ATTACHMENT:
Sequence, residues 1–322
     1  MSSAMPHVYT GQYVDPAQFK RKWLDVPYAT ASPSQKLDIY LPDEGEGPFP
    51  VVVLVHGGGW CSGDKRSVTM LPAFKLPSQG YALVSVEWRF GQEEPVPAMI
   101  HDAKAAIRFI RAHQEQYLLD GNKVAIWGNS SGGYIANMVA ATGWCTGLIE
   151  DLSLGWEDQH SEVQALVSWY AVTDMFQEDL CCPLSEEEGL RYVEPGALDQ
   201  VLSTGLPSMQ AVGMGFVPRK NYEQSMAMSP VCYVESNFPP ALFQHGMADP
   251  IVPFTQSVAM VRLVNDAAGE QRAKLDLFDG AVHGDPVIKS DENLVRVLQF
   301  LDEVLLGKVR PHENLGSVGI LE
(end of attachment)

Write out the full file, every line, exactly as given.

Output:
Sequence, residues 1–322
     1  MSSAMPHVYT GQYVDPAQFK RKWLDVPYAT ASPSQKLDIY LPDEGEGPFP
    51  VVVLVHGGGW CSGDKRSVTM LPAFKLPSQG YALVSVEWRF GQEEPVPAMI
   101  HDAKAAIRFI RAHQEQYLLD GNKVAIWGNS SGGYIANMVA ATGWCTGLIE
   151  DLSLGWEDQH SEVQALVSWY AVTDMFQEDL CCPLSEEEGL RYVEPGALDQ
   201  VLSTGLPSMQ AVGMGFVPRK NYEQSMAMSP VCYVESNFPP ALFQHGMADP
   251  IVPFTQSVAM VRLVNDAAGE QRAKLDLFDG AVHGDPVIKS DENLVRVLQF
   301  LDEVLLGKVR PHENLGSVGI LE